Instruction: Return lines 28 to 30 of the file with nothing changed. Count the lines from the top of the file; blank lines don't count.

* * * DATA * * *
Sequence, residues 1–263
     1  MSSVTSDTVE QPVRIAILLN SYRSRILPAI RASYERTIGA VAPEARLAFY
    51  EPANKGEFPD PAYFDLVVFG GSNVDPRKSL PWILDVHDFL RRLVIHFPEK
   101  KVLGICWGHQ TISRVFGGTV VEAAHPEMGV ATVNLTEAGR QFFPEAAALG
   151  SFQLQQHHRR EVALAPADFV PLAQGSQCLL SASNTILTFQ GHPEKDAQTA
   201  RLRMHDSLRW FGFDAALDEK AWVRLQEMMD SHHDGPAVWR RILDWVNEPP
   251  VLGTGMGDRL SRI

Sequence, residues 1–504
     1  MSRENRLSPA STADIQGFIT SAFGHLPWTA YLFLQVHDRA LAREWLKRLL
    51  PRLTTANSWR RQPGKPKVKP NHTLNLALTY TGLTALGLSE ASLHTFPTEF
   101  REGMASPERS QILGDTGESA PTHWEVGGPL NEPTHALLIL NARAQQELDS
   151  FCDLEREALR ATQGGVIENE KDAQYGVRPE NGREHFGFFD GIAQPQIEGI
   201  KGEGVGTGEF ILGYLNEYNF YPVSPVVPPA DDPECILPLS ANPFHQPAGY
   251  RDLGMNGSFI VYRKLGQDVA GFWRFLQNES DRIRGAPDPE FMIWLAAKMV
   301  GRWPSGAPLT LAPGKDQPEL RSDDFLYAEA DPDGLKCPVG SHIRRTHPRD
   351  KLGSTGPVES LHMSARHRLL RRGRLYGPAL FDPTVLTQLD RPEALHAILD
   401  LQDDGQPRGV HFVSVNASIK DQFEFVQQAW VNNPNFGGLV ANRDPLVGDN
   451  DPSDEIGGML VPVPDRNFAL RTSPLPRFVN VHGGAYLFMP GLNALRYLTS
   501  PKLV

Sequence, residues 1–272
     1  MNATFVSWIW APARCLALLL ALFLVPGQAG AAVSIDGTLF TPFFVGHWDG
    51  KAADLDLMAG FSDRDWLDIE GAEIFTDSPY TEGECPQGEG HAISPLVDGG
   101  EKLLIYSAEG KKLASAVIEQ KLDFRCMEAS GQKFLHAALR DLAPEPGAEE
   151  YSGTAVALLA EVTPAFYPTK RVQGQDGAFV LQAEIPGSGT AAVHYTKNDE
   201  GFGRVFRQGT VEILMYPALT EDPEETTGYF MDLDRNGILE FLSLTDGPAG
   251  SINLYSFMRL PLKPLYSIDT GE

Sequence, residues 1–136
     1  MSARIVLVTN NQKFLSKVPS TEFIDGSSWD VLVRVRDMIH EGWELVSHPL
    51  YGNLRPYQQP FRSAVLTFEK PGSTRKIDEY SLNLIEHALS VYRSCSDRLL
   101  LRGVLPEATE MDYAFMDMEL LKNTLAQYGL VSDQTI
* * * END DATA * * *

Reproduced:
     1  MSARIVLVTN NQKFLSKVPS TEFIDGSSWD VLVRVRDMIH EGWELVSHPL
    51  YGNLRPYQQP FRSAVLTFEK PGSTRKIDEY SLNLIEHALS VYRSCSDRLL
   101  LRGVLPEATE MDYAFMDMEL LKNTLAQYGL VSDQTI